Resources in Diet, Nutrition, and Epigenetics

  • Rajkumar Rajendram
  • Vinood B. Patel
  • Victor R. Preedy
Reference work entry


Epigenetics studies inheritable changes in gene expression and function that occur in the absence of modification in the DNA sequence. In other words, this represents stable phenotypic changes which occur without genomic changes. Epigenetics is still developing as a science. It was only in 2008 that an operational definition of an epigenetics was described in a consensus document by experts at a meeting on chromatin-based epigenetics. Since then there has been an explosion in the knowledge and understanding of epigenetics. It is now difficult even for experienced scientists to remain up-to-date. For those new to the field, it is difficult to know which of the myriad of available sources are reliable. To further aid colleagues who are interested in understanding more about epigenetics, we have therefore produced tables containing reliable, up-to-date resources on epigenetics in this chapter. The experts who assisted with the compilation of these tables of resources are acknowledged below.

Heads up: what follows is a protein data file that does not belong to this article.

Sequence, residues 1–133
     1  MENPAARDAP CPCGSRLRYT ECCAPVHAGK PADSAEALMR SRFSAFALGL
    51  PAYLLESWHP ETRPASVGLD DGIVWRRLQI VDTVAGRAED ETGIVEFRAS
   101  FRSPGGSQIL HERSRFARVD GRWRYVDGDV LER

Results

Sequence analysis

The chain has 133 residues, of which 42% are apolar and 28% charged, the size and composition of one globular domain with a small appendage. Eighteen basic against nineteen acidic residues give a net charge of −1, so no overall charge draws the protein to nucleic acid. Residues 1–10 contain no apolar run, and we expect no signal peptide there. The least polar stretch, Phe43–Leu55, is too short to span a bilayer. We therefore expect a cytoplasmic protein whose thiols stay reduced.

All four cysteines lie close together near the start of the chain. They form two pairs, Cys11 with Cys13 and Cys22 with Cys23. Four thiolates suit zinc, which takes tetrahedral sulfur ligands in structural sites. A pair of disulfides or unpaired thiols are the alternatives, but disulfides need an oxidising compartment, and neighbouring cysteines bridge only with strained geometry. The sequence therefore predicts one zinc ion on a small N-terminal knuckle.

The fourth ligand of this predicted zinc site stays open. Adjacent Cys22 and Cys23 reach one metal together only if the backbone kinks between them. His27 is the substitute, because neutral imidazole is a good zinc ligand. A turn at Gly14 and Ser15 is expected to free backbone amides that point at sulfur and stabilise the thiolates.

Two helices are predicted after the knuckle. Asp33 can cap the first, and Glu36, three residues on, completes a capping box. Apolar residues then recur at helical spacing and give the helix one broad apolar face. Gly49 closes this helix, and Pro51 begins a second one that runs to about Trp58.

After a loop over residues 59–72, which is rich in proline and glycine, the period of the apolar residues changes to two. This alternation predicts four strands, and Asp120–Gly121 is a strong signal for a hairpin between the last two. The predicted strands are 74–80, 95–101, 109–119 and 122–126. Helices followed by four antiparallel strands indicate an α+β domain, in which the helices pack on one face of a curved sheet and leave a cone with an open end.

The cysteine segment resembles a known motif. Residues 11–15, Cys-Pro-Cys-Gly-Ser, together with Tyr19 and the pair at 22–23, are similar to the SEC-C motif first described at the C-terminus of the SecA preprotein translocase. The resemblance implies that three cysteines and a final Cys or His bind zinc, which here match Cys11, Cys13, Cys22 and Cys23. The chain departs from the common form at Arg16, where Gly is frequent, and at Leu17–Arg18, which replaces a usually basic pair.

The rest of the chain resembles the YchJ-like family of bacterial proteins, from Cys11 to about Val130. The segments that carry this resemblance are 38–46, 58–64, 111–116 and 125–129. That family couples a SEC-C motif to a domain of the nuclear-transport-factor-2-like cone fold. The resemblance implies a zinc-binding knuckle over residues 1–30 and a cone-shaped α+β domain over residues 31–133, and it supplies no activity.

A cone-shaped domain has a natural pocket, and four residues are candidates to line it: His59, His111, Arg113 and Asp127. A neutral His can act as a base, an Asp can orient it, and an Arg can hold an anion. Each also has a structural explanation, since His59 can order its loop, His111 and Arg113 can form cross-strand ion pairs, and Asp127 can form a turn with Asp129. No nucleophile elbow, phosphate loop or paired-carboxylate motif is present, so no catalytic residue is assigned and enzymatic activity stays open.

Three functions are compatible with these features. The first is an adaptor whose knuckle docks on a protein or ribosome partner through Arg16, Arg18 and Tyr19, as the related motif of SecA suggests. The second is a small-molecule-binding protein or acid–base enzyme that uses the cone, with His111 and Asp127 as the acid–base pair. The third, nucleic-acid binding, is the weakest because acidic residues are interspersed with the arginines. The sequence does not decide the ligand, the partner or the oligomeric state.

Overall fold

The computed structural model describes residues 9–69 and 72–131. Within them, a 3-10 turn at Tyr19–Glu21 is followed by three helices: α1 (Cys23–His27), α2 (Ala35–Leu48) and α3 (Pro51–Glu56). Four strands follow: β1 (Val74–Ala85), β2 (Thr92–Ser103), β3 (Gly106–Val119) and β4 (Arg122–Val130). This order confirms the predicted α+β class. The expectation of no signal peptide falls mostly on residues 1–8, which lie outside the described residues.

Epigenetics Evidence Resources Books Journals Regulatory bodies Professional societies 



This is of vital importance for this chapter. When compiling the resources it was agreed that all contributing authors would be acknowledged. Acknowledging these authors also increases the credibility of this work.


  1. Berger SL, Kouzarides T, Shiekhattar R, Shilatifard A (2009) An operational definition of epigenetics. Genes Dev 23:781–783CrossRefGoogle Scholar
  2. Bird A (2007) Perceptions of epigenetics. Nature 447:396–398CrossRefGoogle Scholar
  3. Burdge GC, Hoile SP, Uller T, Thomas NA, Gluckman PD, Hanson MA, Lillycrop KA (2011) Progressive, transgenerational changes in offspring phenotype and epigenotype following nutritional transition. PLoS One 6:e28282CrossRefGoogle Scholar
  4. Reik W (2007) Stability and flexibility of epigenetic gene regulation in mammalian development. Nature 447(7143):425–432CrossRefGoogle Scholar
  5. Tabish AM, Poels K, Hoet P, Godderis L (2012) Epigenetic factors in cancer risk: effect of chemical carcinogens on global DNA methylation pattern in human TK6 cells. PLoS One 7:e34674CrossRefGoogle Scholar

Copyright information

© Springer Nature Switzerland AG 2019

Authors and Affiliations

  • Rajkumar Rajendram
    • 1
    • 3
  • Vinood B. Patel
    • 2
  • Victor R. Preedy
    • 3
  1. 1.Department of MedicineKing Abdulaziz Medical City, Ministry of National Guard Health AffairsRiyadhSaudi Arabia
  2. 2.School of Life SciencesUniversity of WestminsterLondonUK
  3. 3.Diabetes and Nutritional Sciences Research Division, Faculty of Life Sciences and MedicineKing’s College LondonLondonUK

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